Amrita: Hahahah! Are you sure that wasn’t me? I know I've been fairly strident about his evangelical approach to filmmaking. I’m sure he's perfectly nice in person and it's not like I object to his work or what he's trying to accomplish, but he doesn't come off very well in print and it's gotten to a point where I look at each new Aamir movie with the dread I once reserved for Math homework.
Filmiholic: He was really nice in person, it was disarming....Also, I just wanted to say that I really applaud and embrace Aamir for doing a brilliant director's commentary on the DVD of the film. It was packed with interesting facts, and he was terrific, even though it was just him alone doing all the talking and explaining.
Amrita: Oh, really? Now that is good news. Change I can believe in!
Filmiholic: And to bring the loop back to Dhobi Ghat, I will happily say that I applaud Aamir Khan Productions for their approach to marketing a film, at least as far as their outreach to journos is concerned. I know Aamir was flayed alive by a lot of people for being too hands-on with Peepli Live, but I thought the website and the materials about Dhobi Ghat were lovely and informative and helpful.
Amrita: Ahem. Now, there are a lot of people out there who didn't like this film. They felt it was pretentious and slow and somehow un-Indian. Has this been your experience?
Filmiholic: Not at all, and I was dismayed by so many of those comments. What did your friends think of the film?
Amrita: My friends in real life don't really watch Bollywood all that much and the only friend that does is a huge Aamir fan, so Aamir could basically film himself brushing his teeth and my friend would find it fantastic and illuminating so I don't have real world references in this area, I’m afraid.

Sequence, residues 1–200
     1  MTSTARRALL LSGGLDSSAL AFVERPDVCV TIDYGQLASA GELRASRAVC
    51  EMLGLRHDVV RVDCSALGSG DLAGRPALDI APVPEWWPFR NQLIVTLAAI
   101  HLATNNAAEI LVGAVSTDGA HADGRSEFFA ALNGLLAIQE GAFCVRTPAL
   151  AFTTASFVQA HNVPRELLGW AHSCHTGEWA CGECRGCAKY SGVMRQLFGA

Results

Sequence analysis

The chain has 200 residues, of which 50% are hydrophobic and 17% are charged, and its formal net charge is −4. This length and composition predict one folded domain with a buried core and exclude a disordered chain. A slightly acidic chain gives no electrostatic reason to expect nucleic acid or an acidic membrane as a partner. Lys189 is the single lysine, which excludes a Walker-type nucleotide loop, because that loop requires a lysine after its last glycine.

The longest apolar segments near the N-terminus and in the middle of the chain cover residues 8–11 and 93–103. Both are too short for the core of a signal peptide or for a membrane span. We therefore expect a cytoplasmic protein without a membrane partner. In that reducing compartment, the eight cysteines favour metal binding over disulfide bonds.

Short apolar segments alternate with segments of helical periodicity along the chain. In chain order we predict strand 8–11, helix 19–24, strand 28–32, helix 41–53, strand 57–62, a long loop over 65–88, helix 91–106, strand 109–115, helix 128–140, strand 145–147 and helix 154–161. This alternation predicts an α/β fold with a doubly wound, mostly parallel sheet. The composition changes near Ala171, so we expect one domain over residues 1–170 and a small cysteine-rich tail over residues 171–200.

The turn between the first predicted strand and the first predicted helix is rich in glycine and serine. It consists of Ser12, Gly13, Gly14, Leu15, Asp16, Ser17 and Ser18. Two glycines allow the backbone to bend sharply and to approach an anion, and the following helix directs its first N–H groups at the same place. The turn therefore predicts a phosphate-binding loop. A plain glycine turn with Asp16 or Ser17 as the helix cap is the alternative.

Filmiholic: HA HA. Okay, what did you think of Monica and Kriti's debuts?
Amrita: I fell a little in love with Yasmin myself - she was such a fresh little daisy with her game face on, the kind of person at whom you smile instinctively the way Arun does when he’s watching her, and Kriti makes her wilt slowly bit-by-bit on those tapes. It was a great performance.
Filmiholic: Wasn't she something!
Amrita: Monica's portrayal of Shai was also great from a completely different angle. I mean, Shai is such a frickin' 13 year old and super annoying and unaware. I wanted to kick her ass all the time. So yes, that was a fine job as well.
Filmiholic: And she really did the whole languid and entitled rich girl thing well. I thought they both were such amazing discoveries. Really, I think all 3 of them will be hard pressed to top their work here in their next film.
What did you think about the critiques that the film is more of a mood piece but has no narrative structure? I really didn't feel that way.
Amrita: Neither did I. It's certainly a finely crafted mood piece, but it definitely has a narrative structure to it. When somebody says X movie lacks a narrative structure, I take it to mean that it’s chaotically strung together with random bits of information that add up to nothing. In Dhobi Ghat, however, everything is absolutely connected and headed somewhere. It's very light and elegant and lacks a dun-dun-DUN! approach to filmmaking but I don't get where that particular criticism is coming from.
What do you think they're trying to say by that - that it doesn't Say Something like a good little art film should or that it's too esoteric or what?
Filmiholic: I don't know, really. I mean, the questions that we have at the start..... will they get together or won't they? Who's the girl on the tapes and what happens to her? We follow the stories from A to B and get the answers.
Did you get a sense that it was a fair portrayal of Mumbai? Maybe "fair" is not the right word.... let's say, accurate?